Russia dramatically escalated its standoff with the West over the war in Ukraine on Wednesday, cutting natural gas off to NATO members Poland and Bulgaria and threatening to disconnect even more nations. European leaders decried the move as “blackmail.”
Every time I hear people talking about how “unhinged” Putin is, and how he is mere steps away from collapsing, it makes me laugh because Putin is amazingly crafty, and has set this thing up incredibly well. It was a Hitlerian move to first get the majority of Europe addicted to his smooth flowing and affordable oil and natural gas before declaring war on Ukraine and daring Europe to do anything about it. This week Putin has started the process of cutting off NATO nations from the Gazprom teat.
“And of Asher he said, Let Asher be blessed with children; let him be acceptable to his brethren, and let him dip his foot in oil.” Deuteronomy 33:24 (KJB)
Sending in the disposable conscripts instead of using up his actual soldiers is another evil genius move that is reaping benefits for Putin on many levels. As the war in Ukraine drags on, Putin is expanding the conflict zone to areas like neighboring Moldova, with Poland already looking over their shoulders. Hey, remember when Biden turned off the Keystone Pipeline? Look how wonderfully that fits into Putin turning off the pipeline to Europe, think they colluded on that?
Russia cuts natural gas to 2 NATO nations in escalation
FROM THE AP: A day after the United States and other Western allies vowed to speed more and better military supplies to Ukraine, the Kremlin upped the ante, using its most essential export as leverage. The tactic could eventually force targeted nations to ration gas and deal another blow to economies suffering from rising prices. It could also deprive Russia of badly needed income to fund its war effort.
Benchmark gas prices in Europe shot up on the news that Poland and Bulgaria were cut off, marking another dark turn in a war that has revived the geopolitical rifts of the Cold War.
In a memo, state-controlled Russian giant Gazprom said it was shutting off the countries because they refused to pay in Russian rubles, as President Vladimir Putin had demanded. The company said it had not received any such payment since the beginning of the month, though Bulgaria’s energy minister disputed that. Fatih Birol, the executive director of the Paris-based International Energy Agency, said the cutoff was a “weaponization of energy supplies,” while EU Commission President Ursula von der Leyen called it “yet another attempt by Russia to use gas as an instrument of blackmail.”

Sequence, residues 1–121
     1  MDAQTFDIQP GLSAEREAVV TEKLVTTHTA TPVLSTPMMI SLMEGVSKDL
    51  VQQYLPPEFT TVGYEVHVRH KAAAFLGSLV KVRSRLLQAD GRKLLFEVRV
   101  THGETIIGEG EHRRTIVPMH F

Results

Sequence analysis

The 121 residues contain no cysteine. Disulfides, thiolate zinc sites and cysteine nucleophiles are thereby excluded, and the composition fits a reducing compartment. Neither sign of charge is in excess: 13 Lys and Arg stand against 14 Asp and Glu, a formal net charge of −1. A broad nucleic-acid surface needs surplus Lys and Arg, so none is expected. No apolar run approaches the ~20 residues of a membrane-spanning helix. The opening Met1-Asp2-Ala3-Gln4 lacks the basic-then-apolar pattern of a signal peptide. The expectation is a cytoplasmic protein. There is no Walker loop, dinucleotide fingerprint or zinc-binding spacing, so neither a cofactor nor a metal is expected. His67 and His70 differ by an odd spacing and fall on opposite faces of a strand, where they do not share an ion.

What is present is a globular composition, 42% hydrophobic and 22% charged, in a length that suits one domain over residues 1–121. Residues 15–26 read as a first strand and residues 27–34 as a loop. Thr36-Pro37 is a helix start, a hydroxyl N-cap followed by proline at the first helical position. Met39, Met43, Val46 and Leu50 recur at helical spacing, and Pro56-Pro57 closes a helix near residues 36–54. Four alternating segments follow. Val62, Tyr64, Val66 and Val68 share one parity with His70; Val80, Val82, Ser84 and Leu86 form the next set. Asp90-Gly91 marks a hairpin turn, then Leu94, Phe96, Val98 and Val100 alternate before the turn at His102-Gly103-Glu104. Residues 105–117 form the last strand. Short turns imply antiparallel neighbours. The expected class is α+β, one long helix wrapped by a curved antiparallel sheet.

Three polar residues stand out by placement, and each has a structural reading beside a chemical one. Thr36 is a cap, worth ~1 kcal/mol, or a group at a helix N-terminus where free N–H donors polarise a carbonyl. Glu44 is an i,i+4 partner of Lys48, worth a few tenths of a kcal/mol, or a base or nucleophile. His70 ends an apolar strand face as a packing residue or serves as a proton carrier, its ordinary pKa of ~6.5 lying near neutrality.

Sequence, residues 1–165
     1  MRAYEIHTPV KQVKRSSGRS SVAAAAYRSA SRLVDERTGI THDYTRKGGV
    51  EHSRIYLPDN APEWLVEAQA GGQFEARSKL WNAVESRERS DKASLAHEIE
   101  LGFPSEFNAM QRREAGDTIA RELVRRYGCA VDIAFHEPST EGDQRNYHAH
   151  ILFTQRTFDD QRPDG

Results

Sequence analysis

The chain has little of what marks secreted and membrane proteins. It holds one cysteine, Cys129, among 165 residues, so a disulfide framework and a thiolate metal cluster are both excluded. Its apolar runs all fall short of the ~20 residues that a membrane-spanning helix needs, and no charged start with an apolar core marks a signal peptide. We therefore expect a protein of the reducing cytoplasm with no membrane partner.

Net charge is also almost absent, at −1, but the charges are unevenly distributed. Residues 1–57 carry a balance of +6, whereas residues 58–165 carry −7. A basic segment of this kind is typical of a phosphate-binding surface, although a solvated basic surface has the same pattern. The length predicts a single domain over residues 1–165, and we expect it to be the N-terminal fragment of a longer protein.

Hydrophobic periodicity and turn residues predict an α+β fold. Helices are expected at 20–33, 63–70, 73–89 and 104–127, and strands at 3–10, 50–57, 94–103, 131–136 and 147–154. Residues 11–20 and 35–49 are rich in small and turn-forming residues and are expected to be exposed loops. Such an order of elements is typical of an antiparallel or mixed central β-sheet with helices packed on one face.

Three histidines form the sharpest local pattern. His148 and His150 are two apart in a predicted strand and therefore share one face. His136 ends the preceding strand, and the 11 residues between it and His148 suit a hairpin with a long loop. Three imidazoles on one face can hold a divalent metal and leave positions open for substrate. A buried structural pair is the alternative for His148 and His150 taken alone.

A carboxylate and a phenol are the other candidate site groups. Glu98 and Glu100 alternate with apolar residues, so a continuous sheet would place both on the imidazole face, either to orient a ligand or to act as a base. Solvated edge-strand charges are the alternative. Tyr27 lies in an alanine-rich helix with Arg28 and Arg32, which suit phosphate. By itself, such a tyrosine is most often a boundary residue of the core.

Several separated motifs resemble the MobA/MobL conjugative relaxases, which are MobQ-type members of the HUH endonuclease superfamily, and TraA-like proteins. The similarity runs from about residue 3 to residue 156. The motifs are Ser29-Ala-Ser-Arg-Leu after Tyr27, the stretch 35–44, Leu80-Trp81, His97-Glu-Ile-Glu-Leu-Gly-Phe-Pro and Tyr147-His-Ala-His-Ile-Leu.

Bulgarian Prime Minister Kiril Petkov also called the suspension blackmail. “We will not succumb to such a racket,” he added.
Natural gas prices in Europe shot up 25% before the market opened Wednesday and then eased off but remained significantly higher. The gas cuts do not immediately put the countries into dire trouble since they have worked on getting alternative sources for several years now and the continent is heading into summer, making gas less essential for households.
Yet the move and Kremlin warnings that more nations could be cut off sent shivers of worry through the 27-nation European Union, which immediately convened a special coordination group to limit the impact. Russia also more directly targeted support for Ukraine, claiming Wednesday that missiles hit a batch of weapons that the U.S. and European nations had delivered to the embattled country.
With the help of Western arms, Ukrainian forces have been unexpectedly successful at bogging Russia’s forces down, and they thwarted their attempt to take Kyiv. Moscow now says its focus is the capture of the Donbas, the mostly Russian-speaking industrial region in eastern Ukraine. The U.S. pressed its allies Tuesday to move “heaven and earth” to ensure Kyiv remains well-supplied with the weapons necessary for that battle.
The West has also sought to isolate Russia economically, by imposing punishing sanctions — but European countries have struggled to reduce their dependence on Russian energy. Wednesday’s cuts and threats marked a major economic counteroffensive by Moscow.
Europe is not without its own leverage since, at current prices, it is paying some $400 million a day to Russia for gas — money Putin would lose in case of a complete cutoff. Russia can, in theory, sell oil elsewhere — to India and China for instance — because of oil-primarily moves by ship. But the gas pipeline network from the huge deposits in the Yamal Peninsula in northwestern Siberia to Europe does not connect with the pipelines running to China. And Russia has only limited facilities to export super-chilled liquefied gas by ship.
Hence, even a partial stoppage marked a “historical turning point in the bilateral energy relationship” between Russia and Europe, said Simone Tagliapietra, a senior fellow at the Bruegel think tank in Brussels. Russia’s goal, Tagliapietra said, is to “divide and rule” — hoping to pit European countries against one another as they gasp for energy. READ MORE